In excellent Friday news, a new study on aging in the journal Aging shows that aging can be reversed—sorta. The word “age” appears in the study 106 times.
The study followed 43 healthy adult men in Portland, Oregon, ages 50-72, as half of them embarked on an eight-week healthy lifestyle program that included coaching on diet, sleep, exercise, and relaxation, plus probiotic and phytonutrient supplements. The “dietary and lifestyle interventions” here were rather hardcore, including three servings of liver per week (“preferably organic”), seven daily cups of vegetables, and no food from 7 p.m. to 7 a.m.
The researchers conducted DNA methylation analysis on the men’s saliva before and after the lifestyle upgrade, and found that the men’s epigenetic ages decreased by 3.2 years compared to the control group. Note that the men were already healthy, free of recent or chronic disease and recruited from places like gyms, meaning that this was a study of healthy men going even more healthy.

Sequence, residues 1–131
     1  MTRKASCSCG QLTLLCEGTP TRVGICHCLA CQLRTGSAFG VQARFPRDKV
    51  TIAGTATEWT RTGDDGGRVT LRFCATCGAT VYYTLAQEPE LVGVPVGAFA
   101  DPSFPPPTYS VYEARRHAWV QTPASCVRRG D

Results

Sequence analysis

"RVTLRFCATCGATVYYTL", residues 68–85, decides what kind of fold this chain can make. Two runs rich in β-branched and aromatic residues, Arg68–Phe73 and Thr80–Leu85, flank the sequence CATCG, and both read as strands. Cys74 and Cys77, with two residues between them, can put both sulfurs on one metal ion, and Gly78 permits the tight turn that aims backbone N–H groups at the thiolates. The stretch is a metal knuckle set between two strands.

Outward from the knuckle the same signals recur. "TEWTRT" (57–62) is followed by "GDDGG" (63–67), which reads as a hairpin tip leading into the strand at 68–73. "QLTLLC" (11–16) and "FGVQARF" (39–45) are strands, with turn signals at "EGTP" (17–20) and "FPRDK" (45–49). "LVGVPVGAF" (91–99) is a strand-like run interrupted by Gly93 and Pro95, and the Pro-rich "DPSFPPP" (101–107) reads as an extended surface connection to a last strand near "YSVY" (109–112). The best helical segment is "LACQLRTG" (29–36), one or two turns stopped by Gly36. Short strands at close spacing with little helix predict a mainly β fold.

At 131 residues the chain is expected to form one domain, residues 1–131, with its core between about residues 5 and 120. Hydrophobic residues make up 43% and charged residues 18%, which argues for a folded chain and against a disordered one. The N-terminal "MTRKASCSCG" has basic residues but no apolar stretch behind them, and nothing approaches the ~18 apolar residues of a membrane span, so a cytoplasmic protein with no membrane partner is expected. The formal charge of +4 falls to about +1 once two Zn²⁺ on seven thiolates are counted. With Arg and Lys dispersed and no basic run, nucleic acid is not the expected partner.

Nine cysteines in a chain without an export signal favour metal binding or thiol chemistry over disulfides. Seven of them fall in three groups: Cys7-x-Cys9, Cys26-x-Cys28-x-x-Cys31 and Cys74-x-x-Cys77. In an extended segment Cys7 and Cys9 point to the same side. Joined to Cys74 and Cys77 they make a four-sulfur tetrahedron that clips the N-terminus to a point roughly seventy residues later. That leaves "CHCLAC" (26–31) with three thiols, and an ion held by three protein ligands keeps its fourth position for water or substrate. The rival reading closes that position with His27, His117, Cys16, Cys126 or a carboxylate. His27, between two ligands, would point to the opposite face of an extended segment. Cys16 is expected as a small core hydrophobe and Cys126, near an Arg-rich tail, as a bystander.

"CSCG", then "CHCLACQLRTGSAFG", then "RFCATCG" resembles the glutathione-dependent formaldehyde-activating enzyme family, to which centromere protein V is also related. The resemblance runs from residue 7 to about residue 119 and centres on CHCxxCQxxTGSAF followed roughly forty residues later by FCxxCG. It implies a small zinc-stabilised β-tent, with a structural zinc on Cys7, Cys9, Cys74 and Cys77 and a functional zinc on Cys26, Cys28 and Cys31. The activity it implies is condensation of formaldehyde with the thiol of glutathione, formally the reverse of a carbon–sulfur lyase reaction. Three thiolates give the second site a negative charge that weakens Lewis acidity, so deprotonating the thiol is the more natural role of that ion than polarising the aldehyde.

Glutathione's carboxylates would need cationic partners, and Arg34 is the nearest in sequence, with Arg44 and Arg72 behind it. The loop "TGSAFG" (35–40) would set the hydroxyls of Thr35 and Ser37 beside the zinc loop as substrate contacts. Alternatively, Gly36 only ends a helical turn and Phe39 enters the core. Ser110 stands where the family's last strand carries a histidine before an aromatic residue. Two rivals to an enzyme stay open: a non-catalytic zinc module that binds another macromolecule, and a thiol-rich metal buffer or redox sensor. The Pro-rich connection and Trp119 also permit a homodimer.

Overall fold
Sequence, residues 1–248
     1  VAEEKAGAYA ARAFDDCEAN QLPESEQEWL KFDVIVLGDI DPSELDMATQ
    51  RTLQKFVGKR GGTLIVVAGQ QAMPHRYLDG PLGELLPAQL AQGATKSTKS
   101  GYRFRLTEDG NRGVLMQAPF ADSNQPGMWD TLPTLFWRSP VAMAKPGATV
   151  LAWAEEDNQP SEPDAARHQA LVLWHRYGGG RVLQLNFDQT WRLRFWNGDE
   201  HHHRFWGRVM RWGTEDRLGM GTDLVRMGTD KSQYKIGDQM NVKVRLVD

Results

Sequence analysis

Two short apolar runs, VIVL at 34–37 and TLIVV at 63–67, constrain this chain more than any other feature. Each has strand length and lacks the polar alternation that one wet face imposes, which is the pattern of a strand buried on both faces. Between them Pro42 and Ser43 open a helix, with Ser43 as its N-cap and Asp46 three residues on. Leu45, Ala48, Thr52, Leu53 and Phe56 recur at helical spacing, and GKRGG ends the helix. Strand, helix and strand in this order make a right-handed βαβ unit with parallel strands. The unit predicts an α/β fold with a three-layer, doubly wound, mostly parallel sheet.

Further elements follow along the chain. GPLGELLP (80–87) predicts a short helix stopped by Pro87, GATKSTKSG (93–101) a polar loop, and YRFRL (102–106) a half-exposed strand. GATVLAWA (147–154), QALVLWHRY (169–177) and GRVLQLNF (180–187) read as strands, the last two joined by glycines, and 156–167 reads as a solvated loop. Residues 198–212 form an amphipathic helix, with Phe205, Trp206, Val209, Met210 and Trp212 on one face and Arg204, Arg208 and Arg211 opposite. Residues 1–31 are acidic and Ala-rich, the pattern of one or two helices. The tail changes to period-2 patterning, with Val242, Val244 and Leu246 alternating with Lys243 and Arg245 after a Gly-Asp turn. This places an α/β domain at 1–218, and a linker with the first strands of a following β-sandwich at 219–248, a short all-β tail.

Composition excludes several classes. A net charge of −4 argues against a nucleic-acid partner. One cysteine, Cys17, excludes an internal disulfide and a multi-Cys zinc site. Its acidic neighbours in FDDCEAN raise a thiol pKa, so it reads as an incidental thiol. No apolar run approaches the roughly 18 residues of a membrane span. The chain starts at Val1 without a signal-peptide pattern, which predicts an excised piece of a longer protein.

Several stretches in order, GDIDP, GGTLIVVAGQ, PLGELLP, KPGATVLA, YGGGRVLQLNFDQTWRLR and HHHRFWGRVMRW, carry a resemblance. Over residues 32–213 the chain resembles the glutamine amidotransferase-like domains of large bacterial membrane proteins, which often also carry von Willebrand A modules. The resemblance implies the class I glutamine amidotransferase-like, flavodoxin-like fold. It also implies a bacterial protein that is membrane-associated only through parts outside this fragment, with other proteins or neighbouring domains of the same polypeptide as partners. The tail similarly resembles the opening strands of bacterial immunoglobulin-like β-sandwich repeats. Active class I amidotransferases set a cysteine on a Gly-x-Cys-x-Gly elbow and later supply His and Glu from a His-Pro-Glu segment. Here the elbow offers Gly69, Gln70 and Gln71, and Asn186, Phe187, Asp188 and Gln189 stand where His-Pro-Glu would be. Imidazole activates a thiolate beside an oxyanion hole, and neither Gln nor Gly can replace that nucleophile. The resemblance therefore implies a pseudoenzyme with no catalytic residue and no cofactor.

DNA methylation levels have been found to correlate with mortality. In other studies, these epigenetic ages, on average, predict time to death more accurately than chronological age or lifestyle risks.
Before you get too excited about age reversal, a couple caveats: The study was small, the participants were male and mostly white, and the study centers around a singular measure of aging—not actual lifespan or disease prevalence. Aging is a rather hard concept to define and study, like beauty or happiness or pandemic crazy. But for those of us crawling out of a pandemic lifestyle, this study provides hope that a few weeks of healthy living can turn things around, and opens the door for further research.